Skip to content
man holding mobile phone with laptop on the desk

Media Monitoring Boolean Query Guide

Hannah Williams

May 4, 2018

In this blog we’ll be running down 1) What a boolean search is 2) How boolean can improve your media monitoring searches 3) How you can use Boolean to find potential leads

Boolean searches may look intimidating, but they’re actually super easy to use! And will make a huge difference to your search results.

What is a Boolean search? 

Without getting overly technical, a Boolean search allows users to search more specifically. Rather than search for “Meltwater”, which would bring up information about meltwater the geographical term and meltwater the media intelligence provider, you can search using “AND”, “NOT”, “OR”. So for example “Meltwater” NOT “Iceberg”.

Boolean searches are essential to surfacing the coverage you’re looking for about your brand, your competitors, and your industry as a whole.

What can you do with Boolean?

  • Create more relevant searches, meaning your reporting will be more accurate.
  • Find potential sales leads
  • Search for PR opportunities
  • Search for all possible mentions of your brand including potential misspellings of words
  • Find articles where your brand is the focus

Get started

So, when you type a search into your media monitoring provider, you may find that you’re getting lots of irrelevant content. However, don’t worry we can change this!

If you’re not a Meltwater client, but interested in how we can help you to find relevant mentions of your brand & key insights. Get in touch today 

First of all, type in your keyword. In this case “subway”, and glance over the results. Here, we can see that Subway the brand, and subway the train system are being shown. Write down any irrelevant terms.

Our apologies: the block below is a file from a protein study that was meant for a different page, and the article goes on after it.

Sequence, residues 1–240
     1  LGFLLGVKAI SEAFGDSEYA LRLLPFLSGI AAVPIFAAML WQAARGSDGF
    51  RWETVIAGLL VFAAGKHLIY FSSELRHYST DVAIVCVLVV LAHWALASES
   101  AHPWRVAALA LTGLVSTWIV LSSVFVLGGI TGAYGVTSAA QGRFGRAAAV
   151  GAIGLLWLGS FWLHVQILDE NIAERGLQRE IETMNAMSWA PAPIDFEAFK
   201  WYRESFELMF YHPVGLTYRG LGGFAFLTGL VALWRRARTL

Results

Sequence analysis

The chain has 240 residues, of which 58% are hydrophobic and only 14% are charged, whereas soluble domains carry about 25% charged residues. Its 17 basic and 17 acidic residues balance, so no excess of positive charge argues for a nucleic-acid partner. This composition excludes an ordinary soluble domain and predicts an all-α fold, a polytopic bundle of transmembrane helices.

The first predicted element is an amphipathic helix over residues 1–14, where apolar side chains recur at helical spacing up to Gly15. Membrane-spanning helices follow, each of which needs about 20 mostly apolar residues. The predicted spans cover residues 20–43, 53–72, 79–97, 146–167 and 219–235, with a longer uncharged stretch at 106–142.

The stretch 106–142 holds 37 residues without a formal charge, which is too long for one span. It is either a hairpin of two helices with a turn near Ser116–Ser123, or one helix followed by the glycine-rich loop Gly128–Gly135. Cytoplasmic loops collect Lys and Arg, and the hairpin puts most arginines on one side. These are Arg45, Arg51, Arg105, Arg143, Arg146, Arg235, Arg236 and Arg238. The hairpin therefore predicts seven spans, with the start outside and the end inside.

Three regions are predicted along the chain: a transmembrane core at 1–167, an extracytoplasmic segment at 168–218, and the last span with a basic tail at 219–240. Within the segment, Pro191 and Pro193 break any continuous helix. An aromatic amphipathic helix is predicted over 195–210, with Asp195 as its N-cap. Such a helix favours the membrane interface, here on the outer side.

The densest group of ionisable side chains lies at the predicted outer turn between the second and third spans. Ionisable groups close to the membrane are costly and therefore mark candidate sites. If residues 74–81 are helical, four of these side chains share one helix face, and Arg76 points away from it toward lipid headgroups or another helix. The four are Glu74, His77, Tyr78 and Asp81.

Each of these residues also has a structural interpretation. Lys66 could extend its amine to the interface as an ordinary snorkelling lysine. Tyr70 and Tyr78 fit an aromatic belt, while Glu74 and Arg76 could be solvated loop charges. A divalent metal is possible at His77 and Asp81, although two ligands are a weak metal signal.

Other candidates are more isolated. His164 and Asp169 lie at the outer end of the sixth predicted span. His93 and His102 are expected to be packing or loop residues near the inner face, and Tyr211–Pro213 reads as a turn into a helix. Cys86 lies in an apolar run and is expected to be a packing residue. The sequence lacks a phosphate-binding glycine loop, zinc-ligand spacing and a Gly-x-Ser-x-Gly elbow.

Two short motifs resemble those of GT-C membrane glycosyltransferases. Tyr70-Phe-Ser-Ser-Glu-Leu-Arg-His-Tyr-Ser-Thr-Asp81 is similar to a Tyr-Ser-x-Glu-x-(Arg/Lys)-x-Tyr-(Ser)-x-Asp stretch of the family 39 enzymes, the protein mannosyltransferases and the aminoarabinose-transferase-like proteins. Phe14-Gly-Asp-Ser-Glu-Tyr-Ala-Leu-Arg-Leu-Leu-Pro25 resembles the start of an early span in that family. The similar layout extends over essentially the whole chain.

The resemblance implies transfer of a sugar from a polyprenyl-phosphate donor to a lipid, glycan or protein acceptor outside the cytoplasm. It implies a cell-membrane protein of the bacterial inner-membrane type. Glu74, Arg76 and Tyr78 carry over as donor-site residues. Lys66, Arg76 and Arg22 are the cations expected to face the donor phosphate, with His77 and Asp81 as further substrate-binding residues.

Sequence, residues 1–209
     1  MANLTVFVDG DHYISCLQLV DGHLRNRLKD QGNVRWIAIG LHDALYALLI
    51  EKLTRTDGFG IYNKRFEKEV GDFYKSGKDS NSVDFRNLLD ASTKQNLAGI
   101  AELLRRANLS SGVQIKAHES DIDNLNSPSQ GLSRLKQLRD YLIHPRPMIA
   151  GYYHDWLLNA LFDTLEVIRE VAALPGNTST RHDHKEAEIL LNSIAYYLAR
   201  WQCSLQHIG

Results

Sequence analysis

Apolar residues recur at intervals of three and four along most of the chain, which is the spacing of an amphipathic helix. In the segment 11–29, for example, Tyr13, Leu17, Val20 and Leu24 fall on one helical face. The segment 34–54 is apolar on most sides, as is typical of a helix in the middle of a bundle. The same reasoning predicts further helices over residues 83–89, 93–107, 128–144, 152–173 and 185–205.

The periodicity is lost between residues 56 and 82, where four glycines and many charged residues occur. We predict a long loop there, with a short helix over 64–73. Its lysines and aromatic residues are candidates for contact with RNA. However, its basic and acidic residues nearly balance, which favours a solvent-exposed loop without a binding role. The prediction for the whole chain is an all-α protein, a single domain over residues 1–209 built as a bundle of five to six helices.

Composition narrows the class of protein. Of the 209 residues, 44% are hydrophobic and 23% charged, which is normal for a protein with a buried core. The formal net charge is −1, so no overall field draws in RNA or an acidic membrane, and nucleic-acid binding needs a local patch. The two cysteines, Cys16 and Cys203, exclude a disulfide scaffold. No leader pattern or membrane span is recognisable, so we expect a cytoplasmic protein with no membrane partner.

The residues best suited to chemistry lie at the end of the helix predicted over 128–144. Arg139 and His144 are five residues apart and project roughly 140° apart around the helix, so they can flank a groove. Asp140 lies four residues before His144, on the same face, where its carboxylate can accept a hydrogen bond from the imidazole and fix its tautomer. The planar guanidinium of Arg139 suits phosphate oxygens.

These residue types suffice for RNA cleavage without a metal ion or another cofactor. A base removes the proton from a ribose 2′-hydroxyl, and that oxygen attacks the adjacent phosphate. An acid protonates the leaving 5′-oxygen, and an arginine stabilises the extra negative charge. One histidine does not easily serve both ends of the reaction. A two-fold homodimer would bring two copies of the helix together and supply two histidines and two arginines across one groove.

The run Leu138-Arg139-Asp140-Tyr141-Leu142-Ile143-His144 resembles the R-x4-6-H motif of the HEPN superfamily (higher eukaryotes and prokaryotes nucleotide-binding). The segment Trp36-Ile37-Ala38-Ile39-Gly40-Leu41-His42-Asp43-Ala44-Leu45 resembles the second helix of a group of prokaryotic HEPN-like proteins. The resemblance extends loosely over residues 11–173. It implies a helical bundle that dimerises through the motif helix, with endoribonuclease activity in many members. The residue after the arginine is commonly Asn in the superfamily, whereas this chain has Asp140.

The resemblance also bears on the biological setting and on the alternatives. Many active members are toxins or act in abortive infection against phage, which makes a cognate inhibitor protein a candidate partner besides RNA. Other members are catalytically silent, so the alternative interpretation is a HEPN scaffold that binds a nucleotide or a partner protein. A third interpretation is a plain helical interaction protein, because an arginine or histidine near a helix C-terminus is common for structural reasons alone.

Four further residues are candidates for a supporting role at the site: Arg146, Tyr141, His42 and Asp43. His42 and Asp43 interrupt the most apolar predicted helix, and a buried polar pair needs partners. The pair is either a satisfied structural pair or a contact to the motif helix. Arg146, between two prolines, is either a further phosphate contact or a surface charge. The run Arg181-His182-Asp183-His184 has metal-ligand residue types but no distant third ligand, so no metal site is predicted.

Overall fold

boolean search query for media monitoring

Relevant results with Boolean Searches

As you review the results from your keyword searches, you’ll start noticing that the more information you have to go through, the more junk you come across. For example, it might not be enough to say “Find me mentions of Subway but no mentions of stations,” because there might happen to be a Subway at College Station and that article might be exactly what you’re looking for. It’s these cases that demand the precision of booleans, so you can zero in on relevant results and exclude the ones you don’t need.


These are the three most common Boolean operators

NOT = Exclude words. For example, “Subway” NOT “Station”, this will exclude any articles mentioning station.

AND= Include two words. For example, “Subway” and “Sandwich”, this will show results where both subway and sandwich have been mentioned.

OR= “Subway” OR “Sandwich”. Results mentioning either subway or sandwich.

So, now you understand the context of each Boolean operator, we can combine them to create a more relevant search result. Remember, you can use each operator multiple times. For example

Subway NOT
(“subway station” OR
“subway route” OR
“subway ride” OR
“subway stop” OR
“subway platform” OR
“subway train” OR
“subway line*” OR
“subway track” OR
“underground subway” OR
“subway construction” OR
“subway operator” OR
“Subway series”)

Notice that the exclusion list begins with NOT and comes after the main boolean search (keyword: Subway). This is where you’d use the irrelevant keywords that you listed earlier!

boolean search query for media monitoring

Don’t Forget Typos and Alternate Spellings

So now you have excluded irrelevant results, consider alternate spellings of your keyword. This is particularly important if you’re doing a social media search.

Think about where people are when they make a quick post on social media: on-the-go, standing in line, in between meetings, on the phone, etc. Most people don’t bother to correct typos and autocorrect is notorious for misreading proper nouns, especially uncommon names. For example, John Smith might be referred to as “Jon Smith” or “Jonathan Smith”